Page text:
Reg Jones Expert's View

Like annual cost-of-living adjustments (COLAs) in federal retirement programs, Social Security increases are based on annual changes in the Consumer Price Index for Urban Wage Earners and Clerical Workers (CPI/W). However, under Social Security eligible FERS retirees get the same increase as those who retired under CSRS, and at the same time. In 2009 that’s 5.8 percent. And you should have already received it in your January 2009 Social Security payment.


Full retirement age for Social Security benefits ranges between 65 and 67, depending on the year in which you were born. Although you can sign up for a Social Security benefit as early as 62, the earlier you begin receiving that benefit the smaller it will be. For example, if your full retirement age is 65 and you signed up for your Social Security benefit at age 62, the reduction is about 20 percent. If it’s 67, then the reduction will be around 30 percent.

If you are already receiving a Social Security benefit, but you continue working and are under full retirement age, your benefit may be reduced or eliminated. That’s because there’s a Social Security earnings limit. In 2009 the limit is $14,160. If you exceed that limit, your Social Security benefit will be reduced by $1 for every $2 you earn from wages or self-employment. That reduction continues until the year in which you reach your full retirement age. If you do that in 2009, the limit is $37, 680. Anything you earn above that amount will be reduced by $1 for every $3 you earn. Fortunately, the earnings limit no longer applies beginning with the month in which you reach your full retirement age.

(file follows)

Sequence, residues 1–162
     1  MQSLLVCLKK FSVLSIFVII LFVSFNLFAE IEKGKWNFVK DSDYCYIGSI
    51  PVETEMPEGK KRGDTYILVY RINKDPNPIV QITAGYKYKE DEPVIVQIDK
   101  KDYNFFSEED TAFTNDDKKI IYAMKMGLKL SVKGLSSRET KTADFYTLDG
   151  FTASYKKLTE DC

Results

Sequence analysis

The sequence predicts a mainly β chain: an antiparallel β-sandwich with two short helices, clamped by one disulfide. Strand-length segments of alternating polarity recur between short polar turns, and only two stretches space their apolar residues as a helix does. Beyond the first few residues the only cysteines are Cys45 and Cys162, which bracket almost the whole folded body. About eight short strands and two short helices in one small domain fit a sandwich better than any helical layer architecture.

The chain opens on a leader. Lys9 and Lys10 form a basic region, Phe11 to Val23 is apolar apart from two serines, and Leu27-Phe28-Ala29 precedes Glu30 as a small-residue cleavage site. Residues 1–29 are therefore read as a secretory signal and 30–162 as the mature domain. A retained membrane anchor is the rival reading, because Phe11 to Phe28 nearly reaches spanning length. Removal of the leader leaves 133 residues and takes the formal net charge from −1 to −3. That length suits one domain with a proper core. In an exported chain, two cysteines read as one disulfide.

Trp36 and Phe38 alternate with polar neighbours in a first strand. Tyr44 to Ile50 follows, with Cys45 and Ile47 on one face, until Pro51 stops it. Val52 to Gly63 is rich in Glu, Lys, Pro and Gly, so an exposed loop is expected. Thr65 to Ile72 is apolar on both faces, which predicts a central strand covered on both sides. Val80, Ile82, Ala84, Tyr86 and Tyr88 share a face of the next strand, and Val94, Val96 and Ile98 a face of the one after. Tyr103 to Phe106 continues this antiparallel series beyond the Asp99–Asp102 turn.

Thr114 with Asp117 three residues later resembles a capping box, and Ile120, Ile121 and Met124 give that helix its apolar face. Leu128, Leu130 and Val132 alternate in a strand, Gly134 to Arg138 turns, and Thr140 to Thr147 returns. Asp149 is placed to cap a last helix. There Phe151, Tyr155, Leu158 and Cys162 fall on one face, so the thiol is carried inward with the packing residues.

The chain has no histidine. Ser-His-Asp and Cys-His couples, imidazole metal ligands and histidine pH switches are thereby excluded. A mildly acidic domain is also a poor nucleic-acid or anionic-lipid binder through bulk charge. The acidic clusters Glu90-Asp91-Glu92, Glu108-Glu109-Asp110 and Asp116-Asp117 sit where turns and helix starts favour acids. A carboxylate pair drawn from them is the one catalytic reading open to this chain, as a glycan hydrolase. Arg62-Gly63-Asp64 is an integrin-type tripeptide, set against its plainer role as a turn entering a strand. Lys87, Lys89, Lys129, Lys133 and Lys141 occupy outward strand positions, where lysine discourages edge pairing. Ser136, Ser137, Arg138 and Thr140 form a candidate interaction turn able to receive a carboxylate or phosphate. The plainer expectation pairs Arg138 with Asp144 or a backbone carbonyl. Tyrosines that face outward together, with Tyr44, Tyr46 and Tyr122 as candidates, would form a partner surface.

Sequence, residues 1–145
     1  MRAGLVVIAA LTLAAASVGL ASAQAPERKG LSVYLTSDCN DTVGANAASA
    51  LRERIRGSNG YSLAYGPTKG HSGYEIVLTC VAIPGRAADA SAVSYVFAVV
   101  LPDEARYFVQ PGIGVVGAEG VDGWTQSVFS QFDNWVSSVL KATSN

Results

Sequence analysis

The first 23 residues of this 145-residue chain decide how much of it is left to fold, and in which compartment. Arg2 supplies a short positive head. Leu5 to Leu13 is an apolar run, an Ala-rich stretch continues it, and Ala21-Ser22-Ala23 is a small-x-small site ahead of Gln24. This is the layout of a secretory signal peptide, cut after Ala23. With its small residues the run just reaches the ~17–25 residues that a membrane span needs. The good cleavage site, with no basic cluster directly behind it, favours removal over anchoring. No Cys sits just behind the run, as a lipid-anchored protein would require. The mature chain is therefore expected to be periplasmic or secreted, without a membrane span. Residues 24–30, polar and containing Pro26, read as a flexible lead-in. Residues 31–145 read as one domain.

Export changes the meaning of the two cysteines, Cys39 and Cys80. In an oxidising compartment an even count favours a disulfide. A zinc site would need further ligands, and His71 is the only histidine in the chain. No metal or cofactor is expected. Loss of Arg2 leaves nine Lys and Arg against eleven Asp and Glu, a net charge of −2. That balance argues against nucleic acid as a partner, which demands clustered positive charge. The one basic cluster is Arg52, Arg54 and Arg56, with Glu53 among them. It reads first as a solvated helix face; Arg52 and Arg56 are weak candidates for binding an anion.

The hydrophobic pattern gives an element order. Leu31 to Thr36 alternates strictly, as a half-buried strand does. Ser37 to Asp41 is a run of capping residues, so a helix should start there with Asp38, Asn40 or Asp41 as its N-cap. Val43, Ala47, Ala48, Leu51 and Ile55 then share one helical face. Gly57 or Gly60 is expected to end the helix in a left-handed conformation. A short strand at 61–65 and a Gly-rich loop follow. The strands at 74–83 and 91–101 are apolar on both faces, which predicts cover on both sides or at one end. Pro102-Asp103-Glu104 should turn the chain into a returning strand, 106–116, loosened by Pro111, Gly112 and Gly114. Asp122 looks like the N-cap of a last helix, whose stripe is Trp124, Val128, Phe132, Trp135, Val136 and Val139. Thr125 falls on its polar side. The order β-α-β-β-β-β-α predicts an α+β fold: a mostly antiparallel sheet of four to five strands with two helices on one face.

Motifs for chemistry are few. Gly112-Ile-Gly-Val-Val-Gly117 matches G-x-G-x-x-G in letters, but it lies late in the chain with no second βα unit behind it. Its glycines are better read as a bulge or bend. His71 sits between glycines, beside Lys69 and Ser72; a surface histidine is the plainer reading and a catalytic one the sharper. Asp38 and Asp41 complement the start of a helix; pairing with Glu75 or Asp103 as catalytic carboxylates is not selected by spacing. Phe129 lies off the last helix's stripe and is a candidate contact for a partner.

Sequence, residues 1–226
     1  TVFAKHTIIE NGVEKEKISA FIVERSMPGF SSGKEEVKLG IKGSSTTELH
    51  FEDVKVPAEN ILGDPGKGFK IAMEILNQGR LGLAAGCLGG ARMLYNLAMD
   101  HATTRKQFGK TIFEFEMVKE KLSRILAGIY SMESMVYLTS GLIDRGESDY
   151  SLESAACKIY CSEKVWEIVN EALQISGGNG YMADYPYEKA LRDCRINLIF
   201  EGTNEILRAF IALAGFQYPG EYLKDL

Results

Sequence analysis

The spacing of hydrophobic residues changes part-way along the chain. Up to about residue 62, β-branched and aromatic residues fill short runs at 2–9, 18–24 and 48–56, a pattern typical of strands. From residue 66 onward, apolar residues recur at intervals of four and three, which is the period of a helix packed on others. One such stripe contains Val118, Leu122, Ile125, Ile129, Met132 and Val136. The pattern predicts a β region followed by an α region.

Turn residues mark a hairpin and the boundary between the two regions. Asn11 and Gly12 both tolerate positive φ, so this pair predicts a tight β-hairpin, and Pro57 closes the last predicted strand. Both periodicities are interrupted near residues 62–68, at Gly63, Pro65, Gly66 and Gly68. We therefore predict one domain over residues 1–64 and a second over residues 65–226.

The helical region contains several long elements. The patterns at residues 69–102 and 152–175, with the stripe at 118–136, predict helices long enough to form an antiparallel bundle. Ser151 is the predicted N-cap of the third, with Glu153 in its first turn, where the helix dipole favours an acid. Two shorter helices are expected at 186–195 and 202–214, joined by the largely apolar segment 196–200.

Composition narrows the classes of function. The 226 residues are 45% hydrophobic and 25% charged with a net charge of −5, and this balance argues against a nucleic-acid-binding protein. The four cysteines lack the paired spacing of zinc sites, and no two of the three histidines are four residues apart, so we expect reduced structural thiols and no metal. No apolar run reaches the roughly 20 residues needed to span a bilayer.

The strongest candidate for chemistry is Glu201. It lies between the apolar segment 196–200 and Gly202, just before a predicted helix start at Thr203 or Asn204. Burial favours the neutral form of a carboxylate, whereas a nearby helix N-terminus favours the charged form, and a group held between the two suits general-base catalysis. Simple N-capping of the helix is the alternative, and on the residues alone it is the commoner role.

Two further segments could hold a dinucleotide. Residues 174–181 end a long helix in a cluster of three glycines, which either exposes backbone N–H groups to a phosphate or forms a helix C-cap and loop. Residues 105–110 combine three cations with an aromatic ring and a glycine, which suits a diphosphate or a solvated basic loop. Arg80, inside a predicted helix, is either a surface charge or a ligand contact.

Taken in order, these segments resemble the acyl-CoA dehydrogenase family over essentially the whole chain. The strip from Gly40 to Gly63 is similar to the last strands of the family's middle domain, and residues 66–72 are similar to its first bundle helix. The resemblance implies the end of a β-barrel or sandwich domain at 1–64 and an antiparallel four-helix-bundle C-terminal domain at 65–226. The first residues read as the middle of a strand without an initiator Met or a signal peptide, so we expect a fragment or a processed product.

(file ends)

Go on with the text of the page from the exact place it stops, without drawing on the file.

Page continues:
Whether or not you are affected by the Social Security earnings limit while working, the contributions you make to the Social Security system through payroll deduction or self-employment will be credited to you and result in an increase in the Social Security benefit to which you will be entitled.

Oh, there’s another number to keep in mind, one that applies to those of you who haven’t retired and are still working. The Social Security maximum taxable wage base for 2009 is $106,800, an increase of $4,800 from 2008. If you earn more than that, your take-home pay will increase. That’s because Social Security taxes aren’t deducted beyond that point. However, Medicare taxes will still be deducted, no matter how much you earn.